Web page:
Genetic Testing Helps Single Out Leanness Gene
ARS News Service
Agricultural Research Service, USDA
Ben Hardin, (309) 681-6597, email@example.com
June 22, 1999
Genetic testing of cattle may soon help breeders plan sure-bet matings to
make production more efficient and ensure consumers get lean but tender
The key to this approach, according to Agricultural Research Service
scientists, involves raising cattle with just one copy of a gene called
inactive myostatin. Before birth, a calf with no copies of the inactive form
produces a protein that limits the animal's potential to produce lean beef.
ARS scientists at the Roman L. Hruska U.S. Meat Animal Research Center
(MARC), Clay Center, Neb., found that carcasses from cattle with one
inactive myostatin gene typically yield about 7 percent more edible lean
beef than those from cattle without the gene. And the untrimmed carcasses
have 14 percent less overall fat.
A calf with two copies of inactive myostatin is extremely muscular in the
hind quarters. That condition, called "double muscling," is undesirable
because birth assistance is often needed.
So the goal would be to produce slaughter animals with only one inactive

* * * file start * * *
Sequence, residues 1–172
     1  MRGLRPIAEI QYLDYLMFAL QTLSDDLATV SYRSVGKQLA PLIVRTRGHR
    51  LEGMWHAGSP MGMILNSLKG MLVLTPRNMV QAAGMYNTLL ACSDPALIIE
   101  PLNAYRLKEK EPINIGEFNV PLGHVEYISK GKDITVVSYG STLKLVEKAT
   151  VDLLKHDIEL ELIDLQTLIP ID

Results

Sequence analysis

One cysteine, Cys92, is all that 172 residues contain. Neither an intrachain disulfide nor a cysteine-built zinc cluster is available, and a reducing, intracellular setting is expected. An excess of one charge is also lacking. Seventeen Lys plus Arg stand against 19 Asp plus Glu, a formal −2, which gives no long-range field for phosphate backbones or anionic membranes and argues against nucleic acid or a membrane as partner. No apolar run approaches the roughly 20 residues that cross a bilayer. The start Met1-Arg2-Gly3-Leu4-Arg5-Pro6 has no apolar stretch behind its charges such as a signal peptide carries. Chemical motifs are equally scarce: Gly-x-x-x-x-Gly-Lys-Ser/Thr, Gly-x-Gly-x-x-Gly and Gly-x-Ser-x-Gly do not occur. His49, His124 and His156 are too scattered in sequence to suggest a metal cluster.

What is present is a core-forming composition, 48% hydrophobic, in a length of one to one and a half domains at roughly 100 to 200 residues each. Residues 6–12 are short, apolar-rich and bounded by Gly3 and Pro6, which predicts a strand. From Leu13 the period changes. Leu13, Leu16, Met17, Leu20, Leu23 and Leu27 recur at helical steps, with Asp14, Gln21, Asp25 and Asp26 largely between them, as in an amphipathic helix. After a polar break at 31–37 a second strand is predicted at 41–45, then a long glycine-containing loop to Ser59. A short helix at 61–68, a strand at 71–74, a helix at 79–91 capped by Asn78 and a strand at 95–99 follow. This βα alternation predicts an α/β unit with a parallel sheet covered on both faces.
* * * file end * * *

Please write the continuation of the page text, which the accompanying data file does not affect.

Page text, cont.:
copy of the gene. To do that and plan matings for herd replacements,
breeders could use a genetic test to determine which forms of the genes
animals have. Last fall, ARS and Celera AgGen, a PE Corporation business,
entered a two-year Cooperative Research and Development Agreement to develop
a genetic test aimed for commercial use.
MARC research shows that cattle with the inactive myostatin produce beef
with less marbling, or intramuscular fat, as well as less fat outside of
muscle. But in this case, less marbling doesn't always mean less tender. The
scientists expect to pinpoint numerous genes that together control
ARS is the chief research agency of the U.S. Department of Agriculture. An
article about the beef leanness gene appears in the June issue of
Agricultural Research magazine. The article is also online at:
Scientific contacts: Timothy P. Smith, ARS Roman L. Hruska U.S. Meat Animal
Research Center, Clay Center, Neb., phone (402) 762-4366, fax (402)
762-4390, firstname.lastname@example.org; Paul Gilman, Celera Genomics, Rockville,
Md., phone (240) 453-3302, fax (240) 453-3650, email@example.com.
This item is one of the news releases and story leads that ARS Information
distributes on weekdays to fax and e-mail subscribers. You can also get the
latest ARS news on the World Wide Web at
* Feedback and questions to ARS News Service via e-mail: firstname.lastname@example.org.
* ARS Information Staff, 5601 Sunnyside Ave., Room 1-2251, Beltsville MD
20705-5128, (301) 504-1617, fax 504-1648.
To Unsubscribe: Email email@example.com with the command
"unsubscribe sanet-mg". If you receive the digest format, use the command
To Subscribe to Digest: Email firstname.lastname@example.org with the command
All messages to sanet-mg are archived at: